August 22, 2006
Quattrone Gets a Deferred Prosecution
The Frank Quattrone case is essentially resolved. The government and accused have entered into a deferred prosecution agreement and the court has signed off on this agreement. (See Peter Lattman at the Wall Street Jrl Blog here) Some thoughts on the agreement here.
- This is a superb resolution for both Frank Quattrone and the government. (see prior post here) After all, his attorney fees for two trials and preparation for a third were probably sufficient punishment, not to mention all the collateral consequences that he has suffered.
- The government is not walking away empty handed, as they might have should this case have gone to trial a third time. Rather, they have some concession from Frank Quattrone - he promises to be good.
- The agreement kind of reminds one of the deferred prosecution agreements given to juveniles. Stay clean and we won't prosecute you. It is basically saying - we'll give you a second chance.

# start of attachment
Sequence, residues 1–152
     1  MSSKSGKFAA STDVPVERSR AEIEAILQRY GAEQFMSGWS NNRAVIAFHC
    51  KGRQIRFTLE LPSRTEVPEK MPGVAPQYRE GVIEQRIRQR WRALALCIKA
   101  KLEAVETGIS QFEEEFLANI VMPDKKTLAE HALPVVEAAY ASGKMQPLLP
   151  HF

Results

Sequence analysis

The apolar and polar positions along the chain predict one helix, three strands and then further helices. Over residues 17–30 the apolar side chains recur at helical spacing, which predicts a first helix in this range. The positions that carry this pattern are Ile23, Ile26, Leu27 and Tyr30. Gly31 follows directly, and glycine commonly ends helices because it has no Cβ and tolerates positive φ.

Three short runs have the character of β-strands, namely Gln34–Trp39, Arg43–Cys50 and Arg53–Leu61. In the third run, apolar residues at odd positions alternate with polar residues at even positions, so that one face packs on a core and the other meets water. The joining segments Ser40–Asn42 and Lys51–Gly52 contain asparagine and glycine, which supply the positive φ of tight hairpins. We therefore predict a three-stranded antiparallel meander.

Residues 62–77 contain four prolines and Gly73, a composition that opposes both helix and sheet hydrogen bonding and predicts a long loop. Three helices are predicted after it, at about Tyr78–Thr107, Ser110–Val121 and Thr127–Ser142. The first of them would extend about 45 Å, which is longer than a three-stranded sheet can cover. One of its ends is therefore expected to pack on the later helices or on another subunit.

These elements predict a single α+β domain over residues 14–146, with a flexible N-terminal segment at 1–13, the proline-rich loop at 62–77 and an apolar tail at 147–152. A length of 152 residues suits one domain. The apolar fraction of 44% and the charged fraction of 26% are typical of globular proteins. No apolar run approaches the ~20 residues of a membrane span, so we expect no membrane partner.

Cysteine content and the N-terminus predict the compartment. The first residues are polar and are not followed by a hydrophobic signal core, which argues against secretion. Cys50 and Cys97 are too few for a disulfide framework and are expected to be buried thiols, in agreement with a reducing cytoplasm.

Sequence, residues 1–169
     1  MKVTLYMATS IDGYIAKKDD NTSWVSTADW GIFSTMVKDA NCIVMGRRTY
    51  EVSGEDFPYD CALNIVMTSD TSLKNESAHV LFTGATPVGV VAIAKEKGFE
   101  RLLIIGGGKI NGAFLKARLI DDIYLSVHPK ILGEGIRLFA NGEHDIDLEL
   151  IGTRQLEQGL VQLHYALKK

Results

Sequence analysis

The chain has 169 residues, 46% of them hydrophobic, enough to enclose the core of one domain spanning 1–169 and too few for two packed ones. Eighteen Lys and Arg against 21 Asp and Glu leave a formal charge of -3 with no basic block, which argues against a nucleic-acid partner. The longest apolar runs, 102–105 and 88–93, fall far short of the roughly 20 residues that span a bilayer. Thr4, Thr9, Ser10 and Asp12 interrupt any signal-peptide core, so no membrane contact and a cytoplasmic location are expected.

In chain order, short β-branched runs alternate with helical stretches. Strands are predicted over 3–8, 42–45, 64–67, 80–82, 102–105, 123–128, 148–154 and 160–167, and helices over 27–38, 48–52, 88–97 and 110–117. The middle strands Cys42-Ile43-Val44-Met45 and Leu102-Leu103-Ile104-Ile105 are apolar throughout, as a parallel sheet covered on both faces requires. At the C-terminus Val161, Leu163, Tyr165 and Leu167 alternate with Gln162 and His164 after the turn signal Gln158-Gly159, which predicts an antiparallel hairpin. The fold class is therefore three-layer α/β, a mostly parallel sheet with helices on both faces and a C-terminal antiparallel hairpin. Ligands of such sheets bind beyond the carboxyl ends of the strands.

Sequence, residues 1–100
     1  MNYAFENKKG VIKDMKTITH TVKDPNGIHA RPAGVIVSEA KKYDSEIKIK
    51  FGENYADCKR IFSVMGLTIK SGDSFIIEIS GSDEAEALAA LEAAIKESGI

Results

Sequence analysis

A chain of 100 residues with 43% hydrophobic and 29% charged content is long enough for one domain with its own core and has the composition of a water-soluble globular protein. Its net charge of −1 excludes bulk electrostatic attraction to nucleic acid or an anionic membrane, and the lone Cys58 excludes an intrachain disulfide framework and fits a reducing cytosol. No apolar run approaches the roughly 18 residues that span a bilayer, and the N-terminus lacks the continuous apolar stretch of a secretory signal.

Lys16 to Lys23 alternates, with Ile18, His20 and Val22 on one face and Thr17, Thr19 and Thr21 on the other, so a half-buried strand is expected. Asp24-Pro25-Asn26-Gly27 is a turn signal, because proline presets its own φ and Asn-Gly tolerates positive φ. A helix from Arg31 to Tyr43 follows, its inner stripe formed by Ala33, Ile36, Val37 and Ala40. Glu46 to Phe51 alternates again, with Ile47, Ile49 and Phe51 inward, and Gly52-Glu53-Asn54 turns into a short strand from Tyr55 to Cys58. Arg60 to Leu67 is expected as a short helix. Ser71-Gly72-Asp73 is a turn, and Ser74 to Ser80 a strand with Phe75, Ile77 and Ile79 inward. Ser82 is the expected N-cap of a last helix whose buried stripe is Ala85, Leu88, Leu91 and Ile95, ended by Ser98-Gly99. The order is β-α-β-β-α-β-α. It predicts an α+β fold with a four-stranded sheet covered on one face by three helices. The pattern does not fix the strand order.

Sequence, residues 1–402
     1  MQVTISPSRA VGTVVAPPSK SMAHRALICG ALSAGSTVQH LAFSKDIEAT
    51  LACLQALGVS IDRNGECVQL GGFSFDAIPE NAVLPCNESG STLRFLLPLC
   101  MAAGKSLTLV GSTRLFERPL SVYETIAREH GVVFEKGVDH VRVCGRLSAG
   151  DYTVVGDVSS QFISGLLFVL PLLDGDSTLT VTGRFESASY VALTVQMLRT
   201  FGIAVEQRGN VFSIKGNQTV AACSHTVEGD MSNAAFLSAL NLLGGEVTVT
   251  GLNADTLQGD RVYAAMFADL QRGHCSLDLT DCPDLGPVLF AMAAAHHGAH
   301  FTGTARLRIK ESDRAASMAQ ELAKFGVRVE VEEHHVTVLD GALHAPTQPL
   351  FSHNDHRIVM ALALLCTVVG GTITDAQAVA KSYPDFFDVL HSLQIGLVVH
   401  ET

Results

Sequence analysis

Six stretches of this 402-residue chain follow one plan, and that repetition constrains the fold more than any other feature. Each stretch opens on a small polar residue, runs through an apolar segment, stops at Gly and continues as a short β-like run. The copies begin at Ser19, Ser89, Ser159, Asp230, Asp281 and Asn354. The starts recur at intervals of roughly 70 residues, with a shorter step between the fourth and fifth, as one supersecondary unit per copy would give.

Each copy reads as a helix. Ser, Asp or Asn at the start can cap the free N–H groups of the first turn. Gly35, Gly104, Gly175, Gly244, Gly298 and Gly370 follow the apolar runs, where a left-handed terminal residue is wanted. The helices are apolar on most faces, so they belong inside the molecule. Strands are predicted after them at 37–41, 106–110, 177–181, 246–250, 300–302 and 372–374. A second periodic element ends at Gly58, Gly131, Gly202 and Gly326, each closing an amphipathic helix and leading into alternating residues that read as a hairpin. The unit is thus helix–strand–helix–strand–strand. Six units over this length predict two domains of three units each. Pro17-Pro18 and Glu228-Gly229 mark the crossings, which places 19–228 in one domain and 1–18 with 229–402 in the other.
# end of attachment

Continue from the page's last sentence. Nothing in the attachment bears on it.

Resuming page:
- The best part is he "can only associate with law-abiding persons." How do you know if someone is abiding by the law? Obviously if they are murdering someone in front of you, you will know. But what if they don't pay their taxes, will you really know this?
- The agreement lasts for one year, and should be relatively easy for Quattrone to abide by. There is no admission of guilt here.
- Deferred prosecution agreements filed after a case is pending have to be submitted to the judge for approval, as in this case. In contrast, deferred or non-prosecution agreements pre-trial can remain outside the system. This has been very problematic for corporations that are asked to sign away their attorney-client material or provide no support to employees. Without a pending case, there is no judicial oversight. Only when the individuals are eventually indicted as in the Stein, et. al case is it possible for the judiciary to provide oversight. It is good to see the court participating in this resolution.
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